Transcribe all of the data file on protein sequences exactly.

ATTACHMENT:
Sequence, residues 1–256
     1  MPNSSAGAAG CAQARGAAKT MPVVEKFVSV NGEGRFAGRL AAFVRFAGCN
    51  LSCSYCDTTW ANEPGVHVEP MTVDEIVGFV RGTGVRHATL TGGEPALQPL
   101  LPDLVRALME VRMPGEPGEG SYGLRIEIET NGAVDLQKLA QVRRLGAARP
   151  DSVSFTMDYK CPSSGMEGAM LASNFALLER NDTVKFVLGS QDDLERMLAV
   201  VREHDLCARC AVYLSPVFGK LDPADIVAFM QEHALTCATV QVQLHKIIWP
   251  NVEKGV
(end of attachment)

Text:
Sequence, residues 1–256
     1  MPNSSAGAAG CAQARGAAKT MPVVEKFVSV NGEGRFAGRL AAFVRFAGCN
    51  LSCSYCDTTW ANEPGVHVEP MTVDEIVGFV RGTGVRHATL TGGEPALQPL
   101  LPDLVRALME VRMPGEPGEG SYGLRIEIET NGAVDLQKLA QVRRLGAARP
   151  DSVSFTMDYK CPSSGMEGAM LASNFALLER NDTVKFVLGS QDDLERMLAV
   201  VREHDLCARC AVYLSPVFGK LDPADIVAFM QEHALTCATV QVQLHKIIWP
   251  NVEKGV